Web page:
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post #1 of 32 Old 10-26-2019, 09:11 PM Thread Starter
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Beginner - Building a bench should or should not be my first project?

Hi, I'm thinking of taking up woodworking as a hobby. I have a relatively small space to dedicate -- 10x11x8 or so, in my basement. I want to make small furniture, maybe up to and including replacing my kitchen table, down the line once I've learned some things.

My level of experience: I have taken a class where I learned the basics of power-dimensioning, sharpening and using chisels, making dovetail joints, and some basic wood-turning. At one point in the past I did also build a workbench with an MDF top using metal fasteners, but that was mostly just cutting things to length and then screwing them together. So I am very inexperienced, but I have some basic grasp of the mechanics of how things are supposed to work.

That in mind: one of the generic piece of advice you get (from YouTube videos) is to build your own workbench as your first project. As recently as a day ago, I was entertaining this notion. Once I had settled on a plan, I would order S4S boards in maple or birch and build a bench out of that. The benchtop would be face-joined 2x4s, and the frame would be joined using mortise and tenon joints, since that's what most of the tutorials seem to use.

However, I spoke to my father, who has much more experience than me, and he said that while it's not impossible that I would be able to accomplish this, lacking anything to work on would make the job much harder. Also, he told me just because boards are "S4S" from the lumber yard does not mean they are sufficiently flat to face-join. He told me that I would probably have to work pretty hard to get the boards joinable, and then without any flat reference surface, I might have significant trouble gluing up a flat benchtop. Cutting the mortise and tenon joints would also be a challenge with nothing to secure the work-pieces.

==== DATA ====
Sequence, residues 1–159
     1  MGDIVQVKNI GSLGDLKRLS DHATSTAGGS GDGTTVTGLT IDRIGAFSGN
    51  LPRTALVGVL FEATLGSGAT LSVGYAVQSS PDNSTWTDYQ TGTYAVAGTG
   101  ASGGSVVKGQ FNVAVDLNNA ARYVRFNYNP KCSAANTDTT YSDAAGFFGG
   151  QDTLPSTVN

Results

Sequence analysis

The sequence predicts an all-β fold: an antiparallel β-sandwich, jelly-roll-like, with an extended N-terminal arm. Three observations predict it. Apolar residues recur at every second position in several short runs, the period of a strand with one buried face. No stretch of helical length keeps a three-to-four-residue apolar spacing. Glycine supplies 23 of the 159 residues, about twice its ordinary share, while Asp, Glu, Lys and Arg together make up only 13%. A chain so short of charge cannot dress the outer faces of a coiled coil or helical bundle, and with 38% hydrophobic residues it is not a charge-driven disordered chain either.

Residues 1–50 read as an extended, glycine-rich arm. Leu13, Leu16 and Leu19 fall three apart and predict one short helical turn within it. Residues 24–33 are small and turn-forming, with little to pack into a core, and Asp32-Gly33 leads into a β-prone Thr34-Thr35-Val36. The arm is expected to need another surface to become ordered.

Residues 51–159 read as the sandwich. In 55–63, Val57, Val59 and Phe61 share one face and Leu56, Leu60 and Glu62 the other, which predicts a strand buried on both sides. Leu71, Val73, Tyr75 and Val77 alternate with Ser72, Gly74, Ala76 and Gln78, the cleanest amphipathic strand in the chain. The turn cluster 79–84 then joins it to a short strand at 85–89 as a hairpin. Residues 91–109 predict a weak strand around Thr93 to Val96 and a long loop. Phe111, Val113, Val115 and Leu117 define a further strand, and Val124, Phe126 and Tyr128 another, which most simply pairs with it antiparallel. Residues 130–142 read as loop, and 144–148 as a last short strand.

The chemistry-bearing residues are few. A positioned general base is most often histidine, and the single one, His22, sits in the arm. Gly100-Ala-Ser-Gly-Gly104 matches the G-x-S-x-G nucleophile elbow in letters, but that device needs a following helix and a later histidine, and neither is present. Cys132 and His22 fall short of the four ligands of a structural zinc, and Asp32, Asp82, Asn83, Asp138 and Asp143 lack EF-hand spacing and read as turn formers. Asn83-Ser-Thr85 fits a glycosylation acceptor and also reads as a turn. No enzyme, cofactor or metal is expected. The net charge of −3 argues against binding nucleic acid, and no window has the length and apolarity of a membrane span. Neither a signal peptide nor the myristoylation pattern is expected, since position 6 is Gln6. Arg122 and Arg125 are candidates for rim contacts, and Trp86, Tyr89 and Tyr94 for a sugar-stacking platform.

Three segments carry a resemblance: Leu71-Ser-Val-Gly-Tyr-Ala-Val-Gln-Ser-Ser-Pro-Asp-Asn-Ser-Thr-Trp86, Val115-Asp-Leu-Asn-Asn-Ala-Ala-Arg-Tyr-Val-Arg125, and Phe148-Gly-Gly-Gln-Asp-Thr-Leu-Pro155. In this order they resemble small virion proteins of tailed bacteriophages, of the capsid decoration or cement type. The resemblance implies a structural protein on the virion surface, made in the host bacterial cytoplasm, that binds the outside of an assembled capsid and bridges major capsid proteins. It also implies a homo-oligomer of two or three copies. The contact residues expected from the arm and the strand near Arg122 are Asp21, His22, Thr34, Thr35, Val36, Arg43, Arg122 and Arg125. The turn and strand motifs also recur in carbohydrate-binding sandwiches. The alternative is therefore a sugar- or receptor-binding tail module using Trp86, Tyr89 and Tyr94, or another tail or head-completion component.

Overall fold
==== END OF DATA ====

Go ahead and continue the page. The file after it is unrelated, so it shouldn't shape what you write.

Well, my dad's a pretty smart guy, and he is also vastly more experience than me. But I thought I would just double-check what knowledgeable folks on the internet think. Would it be wise for someone with my level of experience to attempt to build their own workbench, bearing in mind that I currently have no work surface to work on? If I should try anyway, could you point me to any resources for bootstrapping from nothing to workbench? Do I start off by building some saw horses or what? Or is something like this simple bench guide the right place to start?

Or should I just buy a workbench from some reputable manufacturer? For example, something like this, use it for a while, and then eventually, once I've gained some experience and learned about my likes and dislikes, build a bench of my own?

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post #2 of 32 Old 10-26-2019, 10:32 PM
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I would advise you to start off with a couple sawhorses and pick up a solid core door from a used building supply, or some 3/4" plywood for the top to start with. That way you will have something to work on, build some smaller projects practicing your joinery, then when you feel confident build the workbench. There are ways of building workbenches that are sturdy and pretty good looking without complex joinery.

Some ideas:
http://absolutelyfreeplans.com/workbenches.html

Wise men speak because they have something to say; fools because they have to say something -Plato

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post #3 of 32 Old 10-27-2019, 02:17 AM
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I am also new to woodworking, with maybe somewhat of a head start experience wise, and think building the work table is really important. I was helping my son with a wood project at his house and was really made aware how the lack of one made everything much more difficult.
I have decided to build this work table
with modifications also found on youtube. Just do a search on the Paulk work table and you'll get a bunch of hits.
Another really useful table, which is the one I built for my son at his house, and might be a great one to get started is from an episode of This Old House. It would be ideal for a small space too as it is a folding work table. Here is that link:
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post #4 of 32 Old 10-27-2019, 08:28 AM